One time a couple years ago "the help" used the system to vacuum the shop and allowed the can to overfill. This was an earlier stage in our design and a lot of large particulate was pulled up into the 8" horizontal line where it sat until I opened the inspection/cleaning port one day. The blower was on, and with the decreased resistance, it cranked up and scoured the line clean. All of the garbage got sucked into the blower and it began shaking badly. It is a squirrel cage blower, but with some tedious cleaning and picking, all was fine.
Ignoring leaks, there is the same volume of air moving throughout the entire system, but the linear air speed drops by 75% between the 4" and the 8" duct. Anything of measurable mass is going to fall out and back into the can (hopefully). Only the smallest, lightest particles will remain suspended in the air flow, getting pushed through the 8" line, to the blower and outside. This way, no chips hit the blower.
This kind of system makes for some cold days in the shop in winter and hot days in the summer, since any air it moves gets replaced by air pulled into the shop from the house or outside, but it keeps it much cleaner. If you have a gas furnace or anything of the like, however, it is very important not to implement this kind of a system, as it could pull gas into your house and shop, blow up the whole building, and basically ruin your whole day.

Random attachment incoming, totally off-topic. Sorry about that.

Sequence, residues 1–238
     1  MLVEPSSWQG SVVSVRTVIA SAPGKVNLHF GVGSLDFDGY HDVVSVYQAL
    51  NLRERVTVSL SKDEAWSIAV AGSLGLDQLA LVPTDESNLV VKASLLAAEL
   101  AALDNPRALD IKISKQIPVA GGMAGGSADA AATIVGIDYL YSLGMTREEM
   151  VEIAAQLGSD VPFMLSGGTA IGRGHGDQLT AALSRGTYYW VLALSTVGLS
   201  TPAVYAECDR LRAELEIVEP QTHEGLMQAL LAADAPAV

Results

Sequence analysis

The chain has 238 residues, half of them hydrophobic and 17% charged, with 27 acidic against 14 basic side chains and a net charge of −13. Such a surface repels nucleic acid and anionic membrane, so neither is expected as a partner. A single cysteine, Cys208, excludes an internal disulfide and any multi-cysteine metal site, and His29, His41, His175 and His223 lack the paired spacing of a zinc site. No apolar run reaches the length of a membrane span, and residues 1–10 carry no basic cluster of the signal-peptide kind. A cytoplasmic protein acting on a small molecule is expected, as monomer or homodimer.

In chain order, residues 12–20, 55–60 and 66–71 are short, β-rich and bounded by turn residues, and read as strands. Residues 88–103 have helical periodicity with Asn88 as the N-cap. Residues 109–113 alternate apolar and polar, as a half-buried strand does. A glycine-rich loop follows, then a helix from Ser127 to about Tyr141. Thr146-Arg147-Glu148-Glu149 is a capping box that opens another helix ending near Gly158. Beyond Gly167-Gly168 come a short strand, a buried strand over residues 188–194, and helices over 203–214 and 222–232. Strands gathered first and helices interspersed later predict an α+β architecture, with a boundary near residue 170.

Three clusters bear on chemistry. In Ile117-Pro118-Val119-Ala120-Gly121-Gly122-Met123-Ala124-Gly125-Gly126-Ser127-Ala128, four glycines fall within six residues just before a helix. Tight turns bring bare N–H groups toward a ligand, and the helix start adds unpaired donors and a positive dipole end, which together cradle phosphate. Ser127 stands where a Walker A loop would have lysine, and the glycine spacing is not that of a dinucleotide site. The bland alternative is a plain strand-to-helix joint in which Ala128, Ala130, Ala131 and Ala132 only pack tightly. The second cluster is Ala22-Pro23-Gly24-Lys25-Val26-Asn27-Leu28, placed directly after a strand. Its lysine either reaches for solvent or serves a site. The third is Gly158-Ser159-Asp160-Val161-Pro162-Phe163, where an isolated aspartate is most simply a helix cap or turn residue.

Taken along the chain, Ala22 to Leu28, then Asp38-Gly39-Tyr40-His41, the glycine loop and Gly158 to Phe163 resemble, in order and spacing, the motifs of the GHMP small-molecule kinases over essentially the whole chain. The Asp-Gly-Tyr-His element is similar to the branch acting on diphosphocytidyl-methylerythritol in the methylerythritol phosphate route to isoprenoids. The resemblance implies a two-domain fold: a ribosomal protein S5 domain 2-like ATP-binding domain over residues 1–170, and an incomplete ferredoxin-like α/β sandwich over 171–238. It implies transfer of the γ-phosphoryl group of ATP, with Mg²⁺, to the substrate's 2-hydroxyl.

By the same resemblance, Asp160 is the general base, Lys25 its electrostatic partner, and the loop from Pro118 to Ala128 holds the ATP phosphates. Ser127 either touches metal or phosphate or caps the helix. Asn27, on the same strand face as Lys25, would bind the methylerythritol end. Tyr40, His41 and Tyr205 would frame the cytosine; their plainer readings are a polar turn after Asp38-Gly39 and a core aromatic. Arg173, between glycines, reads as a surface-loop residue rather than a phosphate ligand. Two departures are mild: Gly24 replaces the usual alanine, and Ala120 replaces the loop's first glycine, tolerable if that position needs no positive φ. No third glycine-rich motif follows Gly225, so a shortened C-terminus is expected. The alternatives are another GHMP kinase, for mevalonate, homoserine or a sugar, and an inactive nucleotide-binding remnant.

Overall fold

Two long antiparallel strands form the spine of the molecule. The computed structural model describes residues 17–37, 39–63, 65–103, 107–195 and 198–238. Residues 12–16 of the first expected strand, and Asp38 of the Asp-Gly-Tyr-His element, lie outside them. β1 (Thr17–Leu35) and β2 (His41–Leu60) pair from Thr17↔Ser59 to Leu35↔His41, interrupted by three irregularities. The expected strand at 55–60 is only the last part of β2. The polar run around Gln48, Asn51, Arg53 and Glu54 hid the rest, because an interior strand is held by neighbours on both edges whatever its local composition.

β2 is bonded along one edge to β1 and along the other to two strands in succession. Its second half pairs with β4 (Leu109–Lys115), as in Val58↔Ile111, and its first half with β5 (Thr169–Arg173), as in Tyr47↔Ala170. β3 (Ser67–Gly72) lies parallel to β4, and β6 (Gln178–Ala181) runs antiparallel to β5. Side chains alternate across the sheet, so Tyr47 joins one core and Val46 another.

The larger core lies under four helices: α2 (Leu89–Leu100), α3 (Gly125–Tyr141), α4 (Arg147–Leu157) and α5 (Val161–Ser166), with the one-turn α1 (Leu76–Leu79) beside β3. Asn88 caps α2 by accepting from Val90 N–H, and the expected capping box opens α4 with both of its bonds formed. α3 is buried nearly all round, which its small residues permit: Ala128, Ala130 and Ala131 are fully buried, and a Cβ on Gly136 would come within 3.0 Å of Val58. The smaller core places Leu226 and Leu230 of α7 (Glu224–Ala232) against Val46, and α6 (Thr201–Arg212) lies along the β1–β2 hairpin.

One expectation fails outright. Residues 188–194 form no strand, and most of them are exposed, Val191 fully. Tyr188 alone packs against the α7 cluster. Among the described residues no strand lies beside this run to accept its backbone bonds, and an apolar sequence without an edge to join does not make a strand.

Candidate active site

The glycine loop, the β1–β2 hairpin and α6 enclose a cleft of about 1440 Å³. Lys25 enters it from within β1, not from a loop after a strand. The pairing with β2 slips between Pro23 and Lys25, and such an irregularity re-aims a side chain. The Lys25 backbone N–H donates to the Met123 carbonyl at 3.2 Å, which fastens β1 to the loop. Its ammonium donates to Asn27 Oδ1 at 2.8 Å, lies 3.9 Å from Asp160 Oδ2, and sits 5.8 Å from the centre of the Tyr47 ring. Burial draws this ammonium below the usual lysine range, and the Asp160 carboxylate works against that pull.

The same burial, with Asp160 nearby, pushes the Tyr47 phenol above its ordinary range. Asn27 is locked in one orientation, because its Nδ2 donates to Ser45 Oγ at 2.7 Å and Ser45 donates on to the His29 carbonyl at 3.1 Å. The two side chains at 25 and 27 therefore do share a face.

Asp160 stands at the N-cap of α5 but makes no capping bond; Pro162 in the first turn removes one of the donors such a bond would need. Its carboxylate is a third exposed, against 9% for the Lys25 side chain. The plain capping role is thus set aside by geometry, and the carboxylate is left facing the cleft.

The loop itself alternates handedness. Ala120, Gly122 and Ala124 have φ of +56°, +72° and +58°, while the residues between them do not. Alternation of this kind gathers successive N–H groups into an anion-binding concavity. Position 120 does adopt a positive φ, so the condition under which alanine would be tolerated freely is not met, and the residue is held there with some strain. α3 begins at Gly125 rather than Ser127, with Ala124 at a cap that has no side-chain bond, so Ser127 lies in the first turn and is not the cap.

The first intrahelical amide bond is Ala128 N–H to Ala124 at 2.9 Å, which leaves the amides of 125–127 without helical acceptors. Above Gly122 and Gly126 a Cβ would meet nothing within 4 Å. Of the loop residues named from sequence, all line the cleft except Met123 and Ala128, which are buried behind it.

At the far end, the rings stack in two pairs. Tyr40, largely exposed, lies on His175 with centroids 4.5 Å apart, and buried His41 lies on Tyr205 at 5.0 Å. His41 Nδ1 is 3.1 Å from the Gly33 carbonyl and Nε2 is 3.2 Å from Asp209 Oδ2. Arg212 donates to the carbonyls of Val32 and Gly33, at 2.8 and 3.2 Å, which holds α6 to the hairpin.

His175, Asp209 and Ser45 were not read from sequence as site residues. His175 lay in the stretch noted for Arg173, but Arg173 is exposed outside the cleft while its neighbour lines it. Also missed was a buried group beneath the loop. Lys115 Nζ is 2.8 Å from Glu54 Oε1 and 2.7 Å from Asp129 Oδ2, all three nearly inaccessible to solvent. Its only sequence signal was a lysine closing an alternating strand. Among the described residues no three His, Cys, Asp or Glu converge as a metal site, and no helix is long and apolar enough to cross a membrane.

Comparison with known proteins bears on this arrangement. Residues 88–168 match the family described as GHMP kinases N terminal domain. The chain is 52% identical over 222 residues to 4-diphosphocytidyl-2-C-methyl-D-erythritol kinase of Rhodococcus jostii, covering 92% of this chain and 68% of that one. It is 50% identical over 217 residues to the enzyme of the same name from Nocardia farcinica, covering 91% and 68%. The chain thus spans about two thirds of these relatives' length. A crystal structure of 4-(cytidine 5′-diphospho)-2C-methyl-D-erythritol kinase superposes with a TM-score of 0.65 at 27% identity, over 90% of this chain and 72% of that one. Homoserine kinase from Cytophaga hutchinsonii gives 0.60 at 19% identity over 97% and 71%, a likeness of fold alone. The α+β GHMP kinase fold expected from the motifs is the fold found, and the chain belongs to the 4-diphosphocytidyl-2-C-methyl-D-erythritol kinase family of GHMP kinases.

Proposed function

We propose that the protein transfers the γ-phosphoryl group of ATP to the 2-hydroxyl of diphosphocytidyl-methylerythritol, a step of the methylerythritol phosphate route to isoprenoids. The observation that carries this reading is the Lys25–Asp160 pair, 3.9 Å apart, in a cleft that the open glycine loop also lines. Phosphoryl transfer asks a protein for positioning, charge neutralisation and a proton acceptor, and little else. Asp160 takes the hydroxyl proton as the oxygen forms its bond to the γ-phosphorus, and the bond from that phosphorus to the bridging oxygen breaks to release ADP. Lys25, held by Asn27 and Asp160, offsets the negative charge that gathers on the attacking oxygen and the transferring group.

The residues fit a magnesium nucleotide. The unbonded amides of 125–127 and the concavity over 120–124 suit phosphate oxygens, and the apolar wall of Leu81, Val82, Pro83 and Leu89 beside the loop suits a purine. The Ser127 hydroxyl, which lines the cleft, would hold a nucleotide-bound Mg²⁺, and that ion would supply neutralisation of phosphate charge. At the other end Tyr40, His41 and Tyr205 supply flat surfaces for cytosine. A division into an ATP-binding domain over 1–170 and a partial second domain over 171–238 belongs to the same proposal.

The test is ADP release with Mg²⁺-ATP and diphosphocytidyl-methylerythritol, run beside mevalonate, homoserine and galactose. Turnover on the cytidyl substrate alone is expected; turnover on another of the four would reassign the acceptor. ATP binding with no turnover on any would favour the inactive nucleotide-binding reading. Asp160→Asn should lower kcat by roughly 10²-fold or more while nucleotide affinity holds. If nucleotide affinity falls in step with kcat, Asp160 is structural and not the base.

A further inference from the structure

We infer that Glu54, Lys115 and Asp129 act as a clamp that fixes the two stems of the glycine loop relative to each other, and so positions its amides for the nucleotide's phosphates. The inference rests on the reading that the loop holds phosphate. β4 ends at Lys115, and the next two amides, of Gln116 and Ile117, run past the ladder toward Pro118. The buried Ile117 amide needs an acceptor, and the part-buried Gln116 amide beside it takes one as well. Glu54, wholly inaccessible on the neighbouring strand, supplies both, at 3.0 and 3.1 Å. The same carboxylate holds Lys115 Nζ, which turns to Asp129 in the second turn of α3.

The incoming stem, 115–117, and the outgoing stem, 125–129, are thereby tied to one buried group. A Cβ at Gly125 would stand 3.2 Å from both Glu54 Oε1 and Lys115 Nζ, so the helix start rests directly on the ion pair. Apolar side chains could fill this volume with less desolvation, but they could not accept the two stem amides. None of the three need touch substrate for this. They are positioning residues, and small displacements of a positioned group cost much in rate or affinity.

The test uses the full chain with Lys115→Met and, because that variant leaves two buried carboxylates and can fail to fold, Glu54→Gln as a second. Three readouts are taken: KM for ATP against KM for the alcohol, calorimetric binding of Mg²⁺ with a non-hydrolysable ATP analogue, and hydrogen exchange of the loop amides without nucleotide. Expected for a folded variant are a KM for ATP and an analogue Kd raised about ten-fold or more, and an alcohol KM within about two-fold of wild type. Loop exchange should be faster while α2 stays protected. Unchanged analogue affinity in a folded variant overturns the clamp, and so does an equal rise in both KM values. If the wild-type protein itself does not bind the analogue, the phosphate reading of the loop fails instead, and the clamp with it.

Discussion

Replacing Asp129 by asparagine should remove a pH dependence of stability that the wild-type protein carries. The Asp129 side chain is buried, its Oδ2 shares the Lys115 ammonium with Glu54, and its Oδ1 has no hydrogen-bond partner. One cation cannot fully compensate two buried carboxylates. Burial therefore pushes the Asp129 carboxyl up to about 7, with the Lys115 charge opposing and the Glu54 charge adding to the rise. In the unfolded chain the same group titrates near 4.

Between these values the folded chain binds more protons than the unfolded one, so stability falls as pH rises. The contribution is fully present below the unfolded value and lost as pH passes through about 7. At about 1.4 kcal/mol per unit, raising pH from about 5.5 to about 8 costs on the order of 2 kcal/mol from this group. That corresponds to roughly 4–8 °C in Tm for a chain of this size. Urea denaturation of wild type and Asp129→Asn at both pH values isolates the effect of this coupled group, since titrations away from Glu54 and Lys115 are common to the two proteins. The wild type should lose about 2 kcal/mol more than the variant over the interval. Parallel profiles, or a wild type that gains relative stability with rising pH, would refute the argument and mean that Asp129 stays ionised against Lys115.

By keeping the system running, we are constantly changing the air in the shop, too, so any dust that escapes collection at the source eventually gets picked up. We custom built the blower box to hold the largest 120V blower we could find. It takes about 3000 FPM to keep wood particles moving horizontally in a pipe. Given our tests, we know we are getting at least 1000 CFM at low resistance (with the inspection/cleaning ports open on the 8" line). We're sure that this drops once we add the can and 4" lines, but it is working thus far. Even if we are getting only half of that much air movement, our shop contains 8000 cubic feet of air, which means that our system "changes" the shop air every 20 minutes or so. I quote "changes" because it is really a matter of constantly diluting the dust-contaminated shop air with outside air, not really changing or replacing it. It isn't as if we get completely new, outside air every 20 minutes, but probably more like the inside air is diluted by 50% every 20 minutes or so.